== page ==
Lesson 30 - Returning Values from Methods

Tutorial Series: Free C# Fundamentals via ASP.NET Web Apps

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In this lesson, you’re going to learn how to return values from methods that you create. Up to this point, you have been working with methods that return void (in other words, nothing at all). The void keyword means that after the method is called, no information is returned back to the calling code block. However, if you replace the void keyword with a type (int, string, DateTime, etc) you must specify within the method the actual value being returned, and the caller will assume that value once the method it has called completes execution.

Step 1: Recognizing Method Return Values in Intellisense

Some of the helper methods we have been working with thus far have been returning values back to the caller. For example, we know that the int.Parse() method takes in a string, and returns an int. In fact, Intellisense tells us this:


Knowing that int.Parse() returns a value, we can treat it as being that value. Here, we know that the value being returned will be 5, so what can you do with that value? You can do a number of things, and one of them is to assign it to another variable, of type int:


That means that this statement is semantically equivalent to:


And, because those statements are semantically equivalent, you can do this:


Step 2: Create a Custom Method with a Return Type

Let’s create our own custom method with a return type in a new ASP.NET project called “CS-ASP_030”, which is based on where we left off with the previous lesson. In Default.aspx.cs write in some helper methods that we will later reference in Page_Load():



Here again you see the private keyword prefixed to all of these methods. This has to do with whether or not outside classes can access (call) this method/element. This will make sense once you are exposed to Object-Oriented Programming principles in later lessons. However for now know that this keyword means these methods can only be called within the class they’re defined (in this case, the Default class).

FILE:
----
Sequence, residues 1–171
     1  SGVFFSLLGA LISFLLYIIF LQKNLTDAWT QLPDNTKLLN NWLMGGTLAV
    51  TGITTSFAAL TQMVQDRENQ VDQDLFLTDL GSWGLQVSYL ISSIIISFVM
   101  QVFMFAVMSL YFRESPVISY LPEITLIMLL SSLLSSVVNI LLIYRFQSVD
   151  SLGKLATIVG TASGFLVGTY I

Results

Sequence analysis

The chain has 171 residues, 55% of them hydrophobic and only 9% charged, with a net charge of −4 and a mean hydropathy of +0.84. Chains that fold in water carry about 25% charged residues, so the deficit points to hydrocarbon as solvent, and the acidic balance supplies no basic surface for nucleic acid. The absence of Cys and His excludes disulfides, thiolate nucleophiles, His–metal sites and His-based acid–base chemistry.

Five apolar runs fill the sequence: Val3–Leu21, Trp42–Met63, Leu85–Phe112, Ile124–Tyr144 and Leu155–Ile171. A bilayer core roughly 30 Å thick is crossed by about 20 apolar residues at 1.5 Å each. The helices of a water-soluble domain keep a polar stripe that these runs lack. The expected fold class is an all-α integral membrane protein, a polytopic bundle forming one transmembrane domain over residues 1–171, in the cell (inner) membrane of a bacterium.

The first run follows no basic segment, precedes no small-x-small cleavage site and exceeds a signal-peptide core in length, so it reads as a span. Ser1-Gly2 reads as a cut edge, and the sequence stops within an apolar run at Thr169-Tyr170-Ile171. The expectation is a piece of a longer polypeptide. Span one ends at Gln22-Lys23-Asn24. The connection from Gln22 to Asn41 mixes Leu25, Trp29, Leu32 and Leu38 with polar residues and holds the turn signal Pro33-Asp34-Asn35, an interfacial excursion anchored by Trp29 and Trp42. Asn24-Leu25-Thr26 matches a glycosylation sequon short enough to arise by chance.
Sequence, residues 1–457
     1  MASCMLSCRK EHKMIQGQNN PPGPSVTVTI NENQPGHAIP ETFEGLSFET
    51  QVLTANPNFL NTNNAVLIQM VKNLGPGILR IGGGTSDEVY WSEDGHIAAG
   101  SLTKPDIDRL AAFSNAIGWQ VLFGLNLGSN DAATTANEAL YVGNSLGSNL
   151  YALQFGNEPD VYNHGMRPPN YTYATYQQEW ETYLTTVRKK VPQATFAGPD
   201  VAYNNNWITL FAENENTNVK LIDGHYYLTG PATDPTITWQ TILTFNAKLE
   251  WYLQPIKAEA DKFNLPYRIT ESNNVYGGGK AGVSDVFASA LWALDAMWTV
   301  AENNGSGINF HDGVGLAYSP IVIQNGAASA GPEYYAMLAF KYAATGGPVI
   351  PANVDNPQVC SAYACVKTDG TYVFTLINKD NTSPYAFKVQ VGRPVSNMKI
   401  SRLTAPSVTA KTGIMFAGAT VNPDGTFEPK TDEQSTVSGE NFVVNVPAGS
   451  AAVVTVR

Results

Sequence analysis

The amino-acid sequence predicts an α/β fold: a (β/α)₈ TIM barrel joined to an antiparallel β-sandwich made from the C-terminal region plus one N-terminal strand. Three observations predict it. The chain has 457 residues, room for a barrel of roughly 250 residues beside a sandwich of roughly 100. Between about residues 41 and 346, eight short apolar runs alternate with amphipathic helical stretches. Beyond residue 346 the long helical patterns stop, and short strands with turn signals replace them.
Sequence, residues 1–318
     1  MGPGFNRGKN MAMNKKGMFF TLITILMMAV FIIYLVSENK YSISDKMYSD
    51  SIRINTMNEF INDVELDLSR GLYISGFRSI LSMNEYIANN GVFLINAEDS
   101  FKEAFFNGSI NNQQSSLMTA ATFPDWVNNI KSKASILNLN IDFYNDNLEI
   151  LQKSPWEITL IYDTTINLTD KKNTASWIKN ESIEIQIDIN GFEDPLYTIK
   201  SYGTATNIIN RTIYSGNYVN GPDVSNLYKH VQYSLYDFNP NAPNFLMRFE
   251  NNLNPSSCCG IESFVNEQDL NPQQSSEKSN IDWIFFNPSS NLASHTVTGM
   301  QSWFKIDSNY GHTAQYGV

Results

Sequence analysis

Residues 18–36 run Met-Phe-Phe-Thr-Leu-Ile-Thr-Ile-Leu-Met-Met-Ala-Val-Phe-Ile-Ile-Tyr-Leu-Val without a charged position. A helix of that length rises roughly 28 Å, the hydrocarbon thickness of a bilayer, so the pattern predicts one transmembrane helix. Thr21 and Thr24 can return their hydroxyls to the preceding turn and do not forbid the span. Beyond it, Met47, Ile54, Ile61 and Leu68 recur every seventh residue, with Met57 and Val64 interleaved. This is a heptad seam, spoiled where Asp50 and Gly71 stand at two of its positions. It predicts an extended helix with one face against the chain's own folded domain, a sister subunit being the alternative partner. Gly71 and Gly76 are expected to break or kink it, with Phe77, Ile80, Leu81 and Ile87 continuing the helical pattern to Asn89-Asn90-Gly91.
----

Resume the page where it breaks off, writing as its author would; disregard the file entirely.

Step 3: Calling Methods in the Hero/Monster Page_Load()

These methods should be fairly self-explanatory, however, note that they all just add information to the resultLabel and therefore do not return anything back to the caller. Now, write the following in Page_Load():


Here we are calling the helper methods to display “Battle/Round” header information and then once the battle completes, display the final result. However, this code won’t work properly in its current state, since the while() loop will never break out of just displaying the “Round” header. We will have to write some battle code so let’s do that in another helper method called performAttack() (also, notice the various input parameters we will be using for this method to work):


This method currently consists of applying a random damage value to defenderHealth, and then returning that value to the caller. However, we’re not yet done with this method. We will also want to execute the describeRound() method within the performAttack() method. When you write the call to describeRound(), you will notice that Intellisense will give you a reminder as to the input parameters you are expected to supply:



When your variables and input parameters have specific, obvious names, it eliminates confusion over ambiguity when referencing them. In this case, we know that describeRound() needs to take in the attacker's name, defender's name and the defender's health. If these weren't named specifically, their purpose would be unclear.

We will supply these values based on what values are supplied for the outer calling method performAttack(). You can think of it like you are copying these values, whatever they might be, once they are passed in when calling performAttack():


Step 4: Assigning a Method’s Returned Value to a Variable

You can now pass in these values by calling the method in Page_Load(), as follows:


Recall that perfomAttack() returns an integer value, so that is why it’s being assigned to monsterHealth int variable. Finally, we’re reusing this attack procedure, so let’s also make a few more calls to it in the main battle logic within the while() loop:



There are several methods here that each have a specific purpose (and that’s hinted at by the name we chose for each method). This relates to a general programming concept called the “Single Responsibility” principle. Put simply, the more that you break-up your code into individual modules with a single, direct purpose, the easier it will be to keep track of everything in your code and reduce bugs. Each method that you create should have a single specific purpose to keep from complicating the logic in your project. A good practice is to try to keep your method within 10 lines of code.

Step 5: Run the Application

You can now run the application and see the result of this battle simulation:


Related Articles in this Tutorial:

Lesson 1 - Series Introduction

Lesson 2 - Installing Visual Studio 2015

Lesson 3 - Building Your First Web App

Lesson 4 - Understanding What You Just Did

Lesson 5 - Working with Projects in Visual Studio